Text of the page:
"The seven basic ways of preparing fish"
If this image from the original (1961) edition of The New York Times Cookbook had been captioned "the basic ways of serving fish" then there would have been only four dishes: fish with lemon, fish with parsley, fish with lemon and parsley, and fish with neither lemon nor parsley. The actual description reads, "Top to bottom: baked stuffed bass, breaded haddock fillets, broiled porgy, poached salmon with Hollandaise sauce, trout meunière, sole in white wine sauce, deep-fried smelts."
Everything on that table looks good enough to eat even after more than forty years, though I'm guessing some of you would pass on the fried smelts. It's too bad that they have such a dirty, industrial name. Would they be more tempting to you if we called them something sweet and made-up, I don't know, say, tilapia?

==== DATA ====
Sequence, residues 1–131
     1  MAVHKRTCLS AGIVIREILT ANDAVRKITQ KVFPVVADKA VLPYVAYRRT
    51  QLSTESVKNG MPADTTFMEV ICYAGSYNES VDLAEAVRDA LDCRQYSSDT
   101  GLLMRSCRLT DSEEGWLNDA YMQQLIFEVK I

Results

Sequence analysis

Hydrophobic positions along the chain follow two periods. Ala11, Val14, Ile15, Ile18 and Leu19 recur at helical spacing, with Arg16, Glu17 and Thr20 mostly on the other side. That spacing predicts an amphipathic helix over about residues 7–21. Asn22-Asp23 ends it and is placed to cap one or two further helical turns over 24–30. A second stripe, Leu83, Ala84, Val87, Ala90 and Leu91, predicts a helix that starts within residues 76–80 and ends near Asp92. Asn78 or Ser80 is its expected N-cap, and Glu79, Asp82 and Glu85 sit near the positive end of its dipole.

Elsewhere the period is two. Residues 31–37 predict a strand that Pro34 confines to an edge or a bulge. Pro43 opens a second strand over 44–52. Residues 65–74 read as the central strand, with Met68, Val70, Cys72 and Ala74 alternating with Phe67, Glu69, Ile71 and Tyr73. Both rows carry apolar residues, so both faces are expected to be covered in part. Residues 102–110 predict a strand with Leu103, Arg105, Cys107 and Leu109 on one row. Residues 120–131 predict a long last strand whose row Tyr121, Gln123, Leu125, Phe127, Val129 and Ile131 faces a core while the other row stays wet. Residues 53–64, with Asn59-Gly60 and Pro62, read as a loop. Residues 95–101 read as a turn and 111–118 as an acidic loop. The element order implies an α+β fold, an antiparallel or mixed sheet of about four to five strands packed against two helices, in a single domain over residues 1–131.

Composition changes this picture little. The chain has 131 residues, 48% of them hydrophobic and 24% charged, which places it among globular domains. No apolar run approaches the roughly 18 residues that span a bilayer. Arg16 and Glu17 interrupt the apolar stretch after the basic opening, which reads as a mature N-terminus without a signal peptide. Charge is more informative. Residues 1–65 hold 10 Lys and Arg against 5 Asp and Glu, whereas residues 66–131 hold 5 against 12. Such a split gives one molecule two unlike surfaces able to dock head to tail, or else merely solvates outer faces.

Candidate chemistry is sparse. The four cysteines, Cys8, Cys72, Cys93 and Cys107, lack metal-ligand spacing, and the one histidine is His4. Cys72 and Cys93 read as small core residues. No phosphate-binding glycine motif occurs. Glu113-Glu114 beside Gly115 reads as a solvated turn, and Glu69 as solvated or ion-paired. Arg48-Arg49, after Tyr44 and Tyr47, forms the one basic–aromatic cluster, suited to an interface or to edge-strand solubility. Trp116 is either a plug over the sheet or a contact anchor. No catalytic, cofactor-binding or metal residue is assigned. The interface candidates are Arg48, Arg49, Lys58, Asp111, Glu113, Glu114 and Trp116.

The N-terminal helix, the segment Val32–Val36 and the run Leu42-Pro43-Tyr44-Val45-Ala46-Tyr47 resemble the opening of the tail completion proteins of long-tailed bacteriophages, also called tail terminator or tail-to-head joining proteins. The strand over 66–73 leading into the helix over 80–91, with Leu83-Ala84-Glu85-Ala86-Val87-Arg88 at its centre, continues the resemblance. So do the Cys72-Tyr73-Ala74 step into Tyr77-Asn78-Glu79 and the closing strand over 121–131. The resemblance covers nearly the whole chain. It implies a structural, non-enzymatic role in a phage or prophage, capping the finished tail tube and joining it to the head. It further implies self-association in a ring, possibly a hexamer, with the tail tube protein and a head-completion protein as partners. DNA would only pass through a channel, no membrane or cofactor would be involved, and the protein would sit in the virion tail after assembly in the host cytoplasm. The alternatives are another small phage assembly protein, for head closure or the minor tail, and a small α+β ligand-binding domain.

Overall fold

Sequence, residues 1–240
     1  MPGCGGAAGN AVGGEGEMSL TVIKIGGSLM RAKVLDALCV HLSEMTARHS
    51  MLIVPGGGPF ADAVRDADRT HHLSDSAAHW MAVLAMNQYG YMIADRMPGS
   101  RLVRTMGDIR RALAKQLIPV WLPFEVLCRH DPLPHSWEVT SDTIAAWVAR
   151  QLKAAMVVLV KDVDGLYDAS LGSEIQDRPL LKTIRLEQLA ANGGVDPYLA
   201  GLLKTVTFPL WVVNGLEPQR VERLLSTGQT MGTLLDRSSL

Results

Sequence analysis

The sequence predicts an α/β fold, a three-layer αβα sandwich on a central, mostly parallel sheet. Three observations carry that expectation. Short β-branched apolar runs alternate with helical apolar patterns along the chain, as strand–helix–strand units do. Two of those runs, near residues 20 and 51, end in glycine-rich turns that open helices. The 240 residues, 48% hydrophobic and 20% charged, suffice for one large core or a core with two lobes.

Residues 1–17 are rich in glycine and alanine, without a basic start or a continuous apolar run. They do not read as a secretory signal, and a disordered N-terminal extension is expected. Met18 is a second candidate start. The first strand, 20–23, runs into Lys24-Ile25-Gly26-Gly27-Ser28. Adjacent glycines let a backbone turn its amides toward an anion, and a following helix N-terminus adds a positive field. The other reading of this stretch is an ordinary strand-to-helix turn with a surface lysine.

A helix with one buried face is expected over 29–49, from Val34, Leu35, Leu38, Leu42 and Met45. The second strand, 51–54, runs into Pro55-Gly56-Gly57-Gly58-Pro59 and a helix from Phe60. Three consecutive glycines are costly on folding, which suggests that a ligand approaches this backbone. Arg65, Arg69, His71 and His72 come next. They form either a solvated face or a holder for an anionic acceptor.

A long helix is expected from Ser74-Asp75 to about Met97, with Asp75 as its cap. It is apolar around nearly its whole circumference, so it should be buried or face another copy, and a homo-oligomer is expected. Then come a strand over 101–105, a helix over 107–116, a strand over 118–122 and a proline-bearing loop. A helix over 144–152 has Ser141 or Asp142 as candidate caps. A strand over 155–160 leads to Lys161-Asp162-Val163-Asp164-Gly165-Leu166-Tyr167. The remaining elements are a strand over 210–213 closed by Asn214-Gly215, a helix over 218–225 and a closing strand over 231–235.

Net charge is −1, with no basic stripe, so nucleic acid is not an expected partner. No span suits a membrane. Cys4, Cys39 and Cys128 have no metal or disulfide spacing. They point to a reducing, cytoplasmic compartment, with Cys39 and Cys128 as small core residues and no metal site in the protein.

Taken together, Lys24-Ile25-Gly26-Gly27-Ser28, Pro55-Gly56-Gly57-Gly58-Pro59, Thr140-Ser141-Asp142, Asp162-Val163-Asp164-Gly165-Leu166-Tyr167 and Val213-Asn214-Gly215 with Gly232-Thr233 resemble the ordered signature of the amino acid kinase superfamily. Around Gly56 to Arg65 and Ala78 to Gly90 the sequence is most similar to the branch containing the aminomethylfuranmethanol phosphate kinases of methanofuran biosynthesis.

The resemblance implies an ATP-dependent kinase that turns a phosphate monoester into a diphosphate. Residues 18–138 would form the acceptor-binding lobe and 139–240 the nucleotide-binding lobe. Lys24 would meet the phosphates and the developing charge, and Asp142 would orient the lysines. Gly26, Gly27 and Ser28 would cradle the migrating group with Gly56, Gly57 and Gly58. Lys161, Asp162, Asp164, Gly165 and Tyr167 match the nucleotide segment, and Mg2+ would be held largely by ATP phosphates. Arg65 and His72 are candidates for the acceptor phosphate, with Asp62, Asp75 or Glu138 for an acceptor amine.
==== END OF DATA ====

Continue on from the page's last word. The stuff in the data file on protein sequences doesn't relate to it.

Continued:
The blustery confidence of suggesting that there are exactly seven ways of preparing fish is utterly charming. Of course fish can also be put in a soup or stew, a mousse or pâté; they can be smoked (hot or cold) or steamed. One might add "grilled" but I think "broiled" was supposed to cover that territory.
Aside from the lemons and parsley, my favorite thing in this shot is the fishnet. I especially like how the haddock plate and the Hollandaise boat are cut off to make room for it. I would like the captain's wheel better if it looked real.
Craig Claiborne, ed., The New York Times Cookbook (New York: Harper and Row, 1961), 244.
(food photography of yesteryear)